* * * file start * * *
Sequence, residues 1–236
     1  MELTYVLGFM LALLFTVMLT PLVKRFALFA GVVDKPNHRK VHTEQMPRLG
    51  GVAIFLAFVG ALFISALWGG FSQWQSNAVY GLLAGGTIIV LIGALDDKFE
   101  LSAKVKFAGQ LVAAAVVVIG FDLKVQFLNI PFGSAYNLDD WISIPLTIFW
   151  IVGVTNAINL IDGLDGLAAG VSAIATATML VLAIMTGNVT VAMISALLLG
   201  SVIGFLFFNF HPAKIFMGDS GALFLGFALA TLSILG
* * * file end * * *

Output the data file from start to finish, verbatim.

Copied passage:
Sequence, residues 1–236
     1  MELTYVLGFM LALLFTVMLT PLVKRFALFA GVVDKPNHRK VHTEQMPRLG
    51  GVAIFLAFVG ALFISALWGG FSQWQSNAVY GLLAGGTIIV LIGALDDKFE
   101  LSAKVKFAGQ LVAAAVVVIG FDLKVQFLNI PFGSAYNLDD WISIPLTIFW
   151  IVGVTNAINL IDGLDGLAAG VSAIATATML VLAIMTGNVT VAMISALLLG
   201  SVIGFLFFNF HPAKIFMGDS GALFLGFALA TLSILG